<cut>
a> Here's the index usage from a current search:
mysql> explain SELECT r.LabelID, r.LabelName, r.URL, r.LocationID, ll.City,
> ll.State_Prov, ll.Country, g.Genre, g.GenreGIF
-> FROM RecordLabel r
-> LEFT JOIN LabelLocation ll ON r.LocationID = ll.LocationID
-> LEFT JOIN GenreCode gc ON r.LabelID=gc.LabelID
-> LEFT JOIN Genre g ON gc.GenreNumber=g.GenreNumber
-> WHERE AlphaOrder LIKE 'c%'
-> ORDER BY r.AlphaOrder, r.LabelID;
a>
> +-------+--------+-------------------------+---------+---------+----------------+------+------------+
a> | table | type | possible_keys | key | key_len | ref |
> rows | Extra |
a>
> +-------+--------+-------------------------+---------+---------+----------------+------+------------+
a> | r | ALL | AlphaOrder,AlphaOrder_2 | NULL | NULL | NULL |
> 257 | where used |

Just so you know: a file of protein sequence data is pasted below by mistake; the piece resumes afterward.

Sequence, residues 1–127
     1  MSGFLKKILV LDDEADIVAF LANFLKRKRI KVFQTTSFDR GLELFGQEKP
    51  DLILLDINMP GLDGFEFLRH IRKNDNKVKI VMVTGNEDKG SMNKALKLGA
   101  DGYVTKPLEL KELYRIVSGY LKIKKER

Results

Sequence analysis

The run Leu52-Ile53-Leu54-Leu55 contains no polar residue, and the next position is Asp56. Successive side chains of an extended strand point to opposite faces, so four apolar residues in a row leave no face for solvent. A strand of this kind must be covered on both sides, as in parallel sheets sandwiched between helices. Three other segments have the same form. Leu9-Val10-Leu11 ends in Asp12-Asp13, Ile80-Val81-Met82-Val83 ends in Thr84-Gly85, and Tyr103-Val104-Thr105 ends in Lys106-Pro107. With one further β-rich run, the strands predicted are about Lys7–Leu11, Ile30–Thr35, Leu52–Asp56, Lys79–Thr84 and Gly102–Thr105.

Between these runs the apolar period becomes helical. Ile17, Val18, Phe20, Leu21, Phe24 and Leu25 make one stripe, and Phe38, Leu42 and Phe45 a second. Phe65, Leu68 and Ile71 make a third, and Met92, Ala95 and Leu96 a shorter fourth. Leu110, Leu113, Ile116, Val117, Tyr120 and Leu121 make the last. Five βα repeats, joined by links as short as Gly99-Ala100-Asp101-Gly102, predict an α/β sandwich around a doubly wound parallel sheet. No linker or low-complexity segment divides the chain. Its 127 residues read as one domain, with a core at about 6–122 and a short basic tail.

a> | ll | eq_ref | PRIMARY | PRIMARY | 4 | r.LocationID |
> 1 | |
a> | gc | ref | LabelID,PRIMARY | PRIMARY | 4 | r.LabelID |
> 1 | |
a> | g | eq_ref | PRIMARY | PRIMARY | 2 | gc.GenreNumber |
> 1 | |
a>
> +-------+--------+-------------------------+---------+---------+----------------+------+------------+
a> (Using the greater than/less than WHERE clause yields the exact same result.)
Hi!
The above means that MySQL considered using the index of AlphaOrder
for the 'r' table, but concluded that it will be faster to scan the
table than use the index. How many rows it it that matches
AlphaOrder LIKE 'c%' ?
Regards,
Monty